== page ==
- by Kylie
3 Things I've learnt now I'm working for myself
Updated: Jan 5, 2022
I can't believe it's approaching 5 months since I quit my corporate job, and took a terrifying and wonderful leap into the unknown - going full time into Tiny Giraffe.
When people ask how I'm finding it, I usually respond,
"I'm learning everything the hard way, over and over."
I have experienced SO MUCH in the last few months - about who I am, what is important to me, what Tiny Giraffe stands for, what projects I like most and what tasks I could do without.
Here are three things I've learnt the hard way*
1. Value Yourself / Charge Appropriately
It's true, we all have to start somewhere.
Over the last year or two (while working full time hours in a 4 day/week role AND working part time on Tiny Giraffe) I did some art and design work for free - for friends who requested, for people who begged, and some in return for marketing opportunities.
Because I was earning a good wage in my job, I didn't value the need to make much money from my business. Add to that, I'm a naturally generous person who likes to surprise or help others and I didn't know how to say 'no'. I wish I had treated my business, valuable time and skills with the respect they deserved. It was never worth the heartache of the hours invested for next to no return, and sometimes not even a 'thank you'.
And in the beginning of going full time, I found myself charging minimal for people - because I wanted to have the security of paid work. My art process is not a simple, quick thing. It is an investment in a beautiful and meaningful artwork that is a one-of-a-kind product. Putting a low price on it has resulted in feeling burnt out and undervalued.
As it turns out the most difficult clients are the ones who expect the most, make endless requests, ignore knowledge and suggestions, test the limitations outlined in quotes and bring huge expectations (along with a bunch of pinterest boards 'for inspiration' to be recreated 'just like this, but also incorporate that... and that... and that').
As I start to get more and more clients, I've discovered the most beautiful clients are ones that value your time, your creativity, your process and your vision. They trust you to deliver something that they will love, and they trust you to run with it. They are open minded to true collaboration and you can learn so much from each other. Ideas come to life in a way that neither imagined, and the outcomes are better as a result. They also pay you on time, thank you for your hard work and share your work with others.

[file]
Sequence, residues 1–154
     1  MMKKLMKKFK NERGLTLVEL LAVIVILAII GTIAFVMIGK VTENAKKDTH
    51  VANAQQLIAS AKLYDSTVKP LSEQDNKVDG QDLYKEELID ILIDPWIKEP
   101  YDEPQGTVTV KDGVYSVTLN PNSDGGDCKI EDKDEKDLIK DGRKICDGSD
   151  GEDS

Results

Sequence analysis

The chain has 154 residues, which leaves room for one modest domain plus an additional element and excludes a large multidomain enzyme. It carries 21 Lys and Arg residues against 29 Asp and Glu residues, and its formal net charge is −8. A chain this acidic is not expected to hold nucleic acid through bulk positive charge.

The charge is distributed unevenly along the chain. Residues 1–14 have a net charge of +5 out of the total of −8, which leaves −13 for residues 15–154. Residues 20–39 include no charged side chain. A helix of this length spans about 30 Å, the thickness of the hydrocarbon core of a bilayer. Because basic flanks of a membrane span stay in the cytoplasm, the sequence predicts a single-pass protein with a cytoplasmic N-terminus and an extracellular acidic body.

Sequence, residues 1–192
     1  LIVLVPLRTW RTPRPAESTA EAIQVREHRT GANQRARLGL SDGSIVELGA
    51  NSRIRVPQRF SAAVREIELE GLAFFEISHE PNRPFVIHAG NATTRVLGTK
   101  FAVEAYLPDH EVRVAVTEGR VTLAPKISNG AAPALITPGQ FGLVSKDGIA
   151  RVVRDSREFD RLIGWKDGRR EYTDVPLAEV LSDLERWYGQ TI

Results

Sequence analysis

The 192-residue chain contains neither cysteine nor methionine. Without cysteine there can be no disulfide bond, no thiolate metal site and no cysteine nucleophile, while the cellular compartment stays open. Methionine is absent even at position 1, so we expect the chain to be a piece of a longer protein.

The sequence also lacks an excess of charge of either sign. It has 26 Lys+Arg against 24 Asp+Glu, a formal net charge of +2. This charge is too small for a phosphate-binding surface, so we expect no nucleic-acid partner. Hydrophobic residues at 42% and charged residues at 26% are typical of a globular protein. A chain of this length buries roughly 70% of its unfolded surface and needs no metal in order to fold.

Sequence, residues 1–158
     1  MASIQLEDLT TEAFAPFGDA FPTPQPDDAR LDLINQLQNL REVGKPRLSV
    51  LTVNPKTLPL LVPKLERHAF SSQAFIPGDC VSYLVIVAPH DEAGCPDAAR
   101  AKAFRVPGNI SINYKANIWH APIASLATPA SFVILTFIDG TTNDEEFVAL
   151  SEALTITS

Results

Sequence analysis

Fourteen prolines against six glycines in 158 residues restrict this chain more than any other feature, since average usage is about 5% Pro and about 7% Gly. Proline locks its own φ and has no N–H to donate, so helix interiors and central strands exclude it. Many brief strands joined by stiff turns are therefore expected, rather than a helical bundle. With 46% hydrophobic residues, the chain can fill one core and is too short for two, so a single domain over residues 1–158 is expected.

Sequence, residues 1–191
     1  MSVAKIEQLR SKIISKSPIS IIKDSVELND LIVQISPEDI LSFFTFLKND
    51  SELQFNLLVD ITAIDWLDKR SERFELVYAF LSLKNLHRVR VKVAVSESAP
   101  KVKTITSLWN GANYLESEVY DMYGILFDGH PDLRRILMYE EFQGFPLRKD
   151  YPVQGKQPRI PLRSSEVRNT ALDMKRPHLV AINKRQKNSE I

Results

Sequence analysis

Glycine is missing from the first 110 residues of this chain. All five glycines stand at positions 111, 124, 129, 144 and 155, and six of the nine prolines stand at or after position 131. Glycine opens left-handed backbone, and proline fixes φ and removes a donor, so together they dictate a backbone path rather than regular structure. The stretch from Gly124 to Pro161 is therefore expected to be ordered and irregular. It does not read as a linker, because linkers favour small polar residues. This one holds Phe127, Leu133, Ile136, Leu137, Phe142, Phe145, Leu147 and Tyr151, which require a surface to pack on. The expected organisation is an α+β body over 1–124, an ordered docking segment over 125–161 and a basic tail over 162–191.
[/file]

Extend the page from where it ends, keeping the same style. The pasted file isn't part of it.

It seems there are no hard and fast rules to pricing, but there is a steep learning curve to understanding how long a project takes and charging appropriately. Get all of the project details before you quote. Start tracking your hours on projects. Stay mindful of requests that fall in and out of scope. Communicate clearly and openly with your client and don't take things personally.
If you are in business or just getting started with your art - I wish I could say 'don't sell yourself short' or 'value yourself more' but after speaking to many people, this might just be a rite of passage in business.
I am learning it comes with time and practice.
2. Don't take on projects/clients that don't align with you
I'll keep this short and sweet.
There are so many potential clients out there. Lots of people may be attracted to your work, but it doesn't mean you have to accept all of them.
Some projects aren't a good fit. Some clients aren't a good fit.
Talk to your potential client on the phone if you can, and get to understand them and the project. You will know in your gut which ones you can deliver well, which ones excite you and which ones move your business forward.
Just take those ones.
3. Ask for help!
I AM THE WORST AT THIS.
I am a determined, stubborn Sagittarian woman who likes to be independent and free.
Yes, I can carry 9 shopping bags from the car in one go.
Yes, I can learn to code, to make this custom web page do what I want.
Yes, I can make my own brand video from scratch in Premiere Pro.
But I needn't.
I need help. I'm learning to ask for (and hire) help.
Everything is better when you can:
Rely on suppliers to source materials and help research options;
Rely on suppliers to ship things instead of driving to collect;
Outsource tasks you don't want to do;
Outsource tasks you don't have time for;
Outsource tasks to someone who specialises in that very thing;
Receive emotional support from a partner, friend or fellow business owner;
Ask your family for support with life admin;
Hire someone to help with housework.
I hope this list helps you... or made you realise you're not alone in this entrepreneurial journey that is the best personal development you don't have to pay for.
I'll be sure to share more learnings along the way!
Join the Tiny Giraffe email list and I'll look forward to sharing more personal stories and artwork with you there.
*This is a note to myself, to remind myself in the future too...
Also note, I have learnt more than 3 things the hard way :-/